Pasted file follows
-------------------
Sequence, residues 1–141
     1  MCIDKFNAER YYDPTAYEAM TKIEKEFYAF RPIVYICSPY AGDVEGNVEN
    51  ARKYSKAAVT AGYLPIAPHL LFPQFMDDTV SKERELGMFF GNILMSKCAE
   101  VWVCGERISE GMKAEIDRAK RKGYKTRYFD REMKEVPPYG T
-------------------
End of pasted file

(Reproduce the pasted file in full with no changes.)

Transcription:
Sequence, residues 1–141
     1  MCIDKFNAER YYDPTAYEAM TKIEKEFYAF RPIVYICSPY AGDVEGNVEN
    51  ARKYSKAAVT AGYLPIAPHL LFPQFMDDTV SKERELGMFF GNILMSKCAE
   101  VWVCGERISE GMKAEIDRAK RKGYKTRYFD REMKEVPPYG T